All We Need Is Love

As we turn the page on our calendar from January to February, one date that surely stands out this month is 14th February – St Valentine’s day. Even if we choose to overlook it or have no opportunity to celebrate, it’s printed in our calendars and phone diaries and shops are full of red, rosy cards and wares they believe we should shower upon those we love, so it’s difficult to ignore.

No doubt we will be entertained that Monday via radio and television, by romantic songs and films. Whether your emotions are evoked by an operatic aria like La bohème’s ‘Che gelida manina’, or the 1940’s ‘You are my sunshine’, James Arthur’s ‘Say you won’t go’, or Taylor Swift’s ‘Love Story’ we can all dream of the ultimate, romantic evening with our partner or friend. Even snuggling up on the sofa with girl friends to savour a chick flick like ‘Step up’ or with the kids to watch ‘Beauty and the Beast’, treasuring moments when life stands still and we focus our attention on loving significant people in our lives is important.

The pandemic has taught us how much we value, loving, face-to-face relationships. Even though we have the luxury of Face Time, Zoom and other internet connections on smart phones and computers, they are only ever second best compared to holding and embracing family and friends. Since the first Lockdown some have had the presence of mind to write letters to their loved ones, reminiscent of world war days, to keep a meaningful record of these difficult times apart. Our hearts have been broken across the nation as we’ve heard of families being separated at critical moments of illness and death – surely there’s no more poignant moment of love that the final moment of separation.

Saint Valentine is said to have ministered to the faithful amidst the persecution of Christians in the Roman Empire Jean-Léon Gérôme – The Christian Martyrs’ Last Prayer

Researching the man who’s name is given to 14th February – St Valentine, (even saying his name conjures up romanticism) – you might be disappointed. It’s seems our present-day celebration is founded in legend, not fact. Britannica states,

‘According to legend, St. Valentine signed a letter “from your Valentine” to his jailer’s daughter, whom he had befriended and healed from blindness. Another common legend states that he defied the emperor’s orders and secretly married couples to spare the husbands from war’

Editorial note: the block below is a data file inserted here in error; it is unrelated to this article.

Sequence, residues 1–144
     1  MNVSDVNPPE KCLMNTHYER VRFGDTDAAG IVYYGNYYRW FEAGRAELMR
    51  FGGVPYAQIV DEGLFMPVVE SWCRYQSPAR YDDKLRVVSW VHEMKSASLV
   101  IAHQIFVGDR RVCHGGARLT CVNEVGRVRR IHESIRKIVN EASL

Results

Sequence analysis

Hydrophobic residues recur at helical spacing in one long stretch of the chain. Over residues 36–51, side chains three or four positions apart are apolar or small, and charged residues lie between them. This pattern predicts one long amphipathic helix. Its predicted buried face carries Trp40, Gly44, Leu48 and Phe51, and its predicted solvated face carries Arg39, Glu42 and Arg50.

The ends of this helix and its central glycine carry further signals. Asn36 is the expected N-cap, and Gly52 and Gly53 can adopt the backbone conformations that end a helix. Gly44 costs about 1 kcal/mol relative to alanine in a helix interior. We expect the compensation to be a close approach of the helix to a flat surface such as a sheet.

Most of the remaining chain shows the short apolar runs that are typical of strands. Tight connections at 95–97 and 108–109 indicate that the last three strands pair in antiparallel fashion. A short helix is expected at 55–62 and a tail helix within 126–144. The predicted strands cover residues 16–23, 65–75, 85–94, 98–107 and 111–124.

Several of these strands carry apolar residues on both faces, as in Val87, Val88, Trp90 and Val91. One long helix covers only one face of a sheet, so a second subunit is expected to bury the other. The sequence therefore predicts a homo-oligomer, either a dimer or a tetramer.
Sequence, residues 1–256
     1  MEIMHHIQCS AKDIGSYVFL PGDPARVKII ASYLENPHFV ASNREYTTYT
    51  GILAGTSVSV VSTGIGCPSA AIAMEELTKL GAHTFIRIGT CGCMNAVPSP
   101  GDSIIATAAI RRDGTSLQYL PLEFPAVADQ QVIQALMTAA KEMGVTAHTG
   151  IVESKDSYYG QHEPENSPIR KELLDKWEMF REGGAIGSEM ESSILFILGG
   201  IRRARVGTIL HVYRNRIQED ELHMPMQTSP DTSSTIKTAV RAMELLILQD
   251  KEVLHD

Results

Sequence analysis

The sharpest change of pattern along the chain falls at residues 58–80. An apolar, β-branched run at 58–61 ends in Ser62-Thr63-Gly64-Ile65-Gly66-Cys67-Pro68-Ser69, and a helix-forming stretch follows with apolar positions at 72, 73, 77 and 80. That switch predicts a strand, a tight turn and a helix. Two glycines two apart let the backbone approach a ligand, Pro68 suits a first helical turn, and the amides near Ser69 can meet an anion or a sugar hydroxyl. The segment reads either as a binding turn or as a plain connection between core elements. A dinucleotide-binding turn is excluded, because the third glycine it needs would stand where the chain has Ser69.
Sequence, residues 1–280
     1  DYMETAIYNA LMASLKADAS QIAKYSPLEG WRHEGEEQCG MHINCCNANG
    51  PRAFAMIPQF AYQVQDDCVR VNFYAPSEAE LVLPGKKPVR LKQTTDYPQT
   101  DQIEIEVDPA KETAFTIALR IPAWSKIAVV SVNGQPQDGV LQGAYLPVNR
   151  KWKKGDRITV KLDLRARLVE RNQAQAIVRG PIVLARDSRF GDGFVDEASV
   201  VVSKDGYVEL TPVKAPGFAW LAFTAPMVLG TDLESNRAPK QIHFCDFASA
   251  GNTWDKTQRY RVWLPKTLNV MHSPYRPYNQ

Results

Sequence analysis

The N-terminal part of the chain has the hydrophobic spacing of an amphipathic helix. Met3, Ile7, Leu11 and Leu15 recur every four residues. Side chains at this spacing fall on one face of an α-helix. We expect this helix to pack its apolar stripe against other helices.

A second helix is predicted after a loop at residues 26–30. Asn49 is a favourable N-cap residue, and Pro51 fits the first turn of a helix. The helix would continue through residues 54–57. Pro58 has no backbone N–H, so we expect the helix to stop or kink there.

Valentine’s day, it’s recorded, was a christian liturgical feast to celebrate the beheading of a third century Christian martyr, a far cry from the romantic celebration of the 21st Century. Lisa Bitel (Professor of History & Religion, USC Dornsife College of Letters, Arts and Sciences) states,

‘Ancient sources reveal that there were several St. Valentines who died on February 14th. Two of them were executed during the reign of Roman Emperor Claudius Gothicus in 269-270 A.D., at a time when persecution of Christians was common.

How do we know this? Because, an order of Belgian monks spent three centuries collecting evidence for the lives of saints from manuscript archives around the known world’.

Any individual, so convicted of their faith they are prepared to face persecution and even death, surely demonstrate love in a way many of us will never encounter. As we look to people of faith the words so often read at weddings from The Bible, are a very meaningful reflection. Whether we spend 14th February 2022 being wooed with champagne and roses, nursing a young baby, or caring for a dependant loved one, the writings of St Paul in 1 Corinthians, chapter 13 may help us turn aside from a legend and truly celebrate what love is.

‘Love is patient, love is kind. It does not envy, it does not boast, it is not proud. It is not rude, it is not self-seeking, it is not easily angered, it keeps no record of wrongs. Loves does not delight in evil but rejoices with the truth. It always protects, always trusts, always hopes, always perseveres. Love never fails’.
1 Corinthians 13: 4-8a (from New International Version of The Holy Bible)

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